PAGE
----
Just my personal opinion, and bear in mind that I normally don't have sets that deep, is the 2-HP 10 GPM pump.
You only include the total rise for head, from pumping level to final elevation. Your horizontal runs do take up some of the "head", but the amount usually is so small that you can mostly ignore them. Every ft of head takes approx. .4 psi, whereas pipe runs usually take hundreds of feet to take 1-2 psi from the total. Make sure you use big enough pipe to create the least amount of head loss.
For what you're needing it sounds like you need a pump in the 10-20 gpm range. Unless you're doing a lot of watering for the lawn, the 10GS20 will give you about 13-14 gpm at ~50 psi. If the water level drops to say, 300 ft you're still at 10-12 gpm at ~50 psi.
If you go with the 13GS30 you're at about 16-18 GPM at 260 ft of head. If the water level drops to 300 ft you've still got 15-16 gpm.
Both drillers are right and both have their opinion. I'm not sure what kind of pipe they're planning to set the pump on and it could make a lot of difference in the cost. Normally around here we use sch 80 pvc with stainless couplings but I have found that materials vary from place to place. I don't normally use 1.5" pipe, I go with 1", 1.25", or 2". If you go with the 10GS20 I would go with 1.25" pipe all the way to the pressure tank/house. If you decide you need the extra 5-6 gpm then I would upsize the pipe, but it would still be OK to use 1.25" pipe. You will lose a little flow staying with the 1.25 pipe though. Also, when you go with the bigger motor/pump you will probably have to upsize the wire. I don't have a wire chart in front of me at this minute but that might make a difference in cost.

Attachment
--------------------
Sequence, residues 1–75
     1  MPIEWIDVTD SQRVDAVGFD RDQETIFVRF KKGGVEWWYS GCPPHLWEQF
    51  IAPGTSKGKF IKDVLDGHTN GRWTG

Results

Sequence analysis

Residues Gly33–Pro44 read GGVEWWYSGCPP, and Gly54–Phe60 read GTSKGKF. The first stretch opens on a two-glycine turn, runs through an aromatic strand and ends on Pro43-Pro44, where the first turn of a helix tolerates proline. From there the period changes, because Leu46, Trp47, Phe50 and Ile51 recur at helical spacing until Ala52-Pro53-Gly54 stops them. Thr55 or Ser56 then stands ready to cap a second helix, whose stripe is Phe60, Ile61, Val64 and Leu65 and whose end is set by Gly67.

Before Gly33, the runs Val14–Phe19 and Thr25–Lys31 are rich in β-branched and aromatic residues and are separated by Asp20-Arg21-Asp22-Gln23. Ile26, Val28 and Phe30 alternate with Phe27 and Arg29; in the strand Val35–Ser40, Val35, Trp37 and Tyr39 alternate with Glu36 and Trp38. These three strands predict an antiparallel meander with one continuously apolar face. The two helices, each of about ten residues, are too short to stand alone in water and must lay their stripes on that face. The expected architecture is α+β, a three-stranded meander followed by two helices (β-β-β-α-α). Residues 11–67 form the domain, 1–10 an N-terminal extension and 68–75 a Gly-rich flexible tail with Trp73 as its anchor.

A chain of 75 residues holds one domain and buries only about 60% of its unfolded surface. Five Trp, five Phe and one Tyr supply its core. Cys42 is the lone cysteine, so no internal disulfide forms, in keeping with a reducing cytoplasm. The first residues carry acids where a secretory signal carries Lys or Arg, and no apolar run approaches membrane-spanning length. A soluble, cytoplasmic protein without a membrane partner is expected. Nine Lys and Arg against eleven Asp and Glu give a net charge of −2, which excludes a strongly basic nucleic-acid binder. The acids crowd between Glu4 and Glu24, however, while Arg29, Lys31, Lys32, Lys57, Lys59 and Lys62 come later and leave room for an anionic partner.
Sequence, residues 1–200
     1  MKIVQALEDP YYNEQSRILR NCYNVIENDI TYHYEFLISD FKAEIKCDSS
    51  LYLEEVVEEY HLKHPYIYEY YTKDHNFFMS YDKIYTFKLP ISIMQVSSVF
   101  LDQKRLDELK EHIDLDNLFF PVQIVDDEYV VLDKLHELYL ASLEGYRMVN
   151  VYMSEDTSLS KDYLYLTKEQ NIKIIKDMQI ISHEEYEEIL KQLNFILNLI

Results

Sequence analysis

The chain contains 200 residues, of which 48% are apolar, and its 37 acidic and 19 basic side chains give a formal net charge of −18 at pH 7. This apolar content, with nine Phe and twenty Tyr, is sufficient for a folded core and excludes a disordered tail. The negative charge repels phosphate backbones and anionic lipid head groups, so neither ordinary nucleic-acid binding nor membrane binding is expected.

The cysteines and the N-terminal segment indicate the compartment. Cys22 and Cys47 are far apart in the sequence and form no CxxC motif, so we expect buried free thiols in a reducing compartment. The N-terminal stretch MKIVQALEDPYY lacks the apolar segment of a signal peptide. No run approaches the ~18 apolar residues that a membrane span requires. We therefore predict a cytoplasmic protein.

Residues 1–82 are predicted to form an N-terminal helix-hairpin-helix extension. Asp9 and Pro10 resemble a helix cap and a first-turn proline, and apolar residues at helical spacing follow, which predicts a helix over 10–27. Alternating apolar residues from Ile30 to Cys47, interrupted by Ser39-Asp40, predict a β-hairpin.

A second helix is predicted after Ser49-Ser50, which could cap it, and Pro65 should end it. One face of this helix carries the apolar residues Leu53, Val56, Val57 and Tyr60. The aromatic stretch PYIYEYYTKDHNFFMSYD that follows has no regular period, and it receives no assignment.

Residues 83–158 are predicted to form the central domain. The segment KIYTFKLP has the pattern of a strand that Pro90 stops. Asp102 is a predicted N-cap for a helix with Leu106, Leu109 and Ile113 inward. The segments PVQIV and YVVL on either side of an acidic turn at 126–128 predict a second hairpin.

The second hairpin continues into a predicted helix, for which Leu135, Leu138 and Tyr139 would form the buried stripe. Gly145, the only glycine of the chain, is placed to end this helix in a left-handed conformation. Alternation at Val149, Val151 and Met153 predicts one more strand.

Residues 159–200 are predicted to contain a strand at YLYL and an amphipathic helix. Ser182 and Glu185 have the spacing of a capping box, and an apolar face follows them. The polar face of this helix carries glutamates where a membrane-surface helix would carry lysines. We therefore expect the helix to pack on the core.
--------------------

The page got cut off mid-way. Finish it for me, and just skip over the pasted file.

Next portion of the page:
If you decide to go with a conventional system I would recommend going with a well-x-trol tank that will give you at least 1 minute of run time. So in addition to bigger pipe and wire you will need to go with a bigger tank if you decide on the bigger pump. You just have to decide what's best for your needs. If you go constant pressure route then you could use a smaller tank.
Personally I find that most people can easily make it with a ~10 gpm pump as long as they're not running the bath, dishwasher, washing machine, filling the pool, watering the grass, etc. For normal use it will be plenty. If you find yourself watering the yard more than occassionally, you may wish you had went with the bigger pump.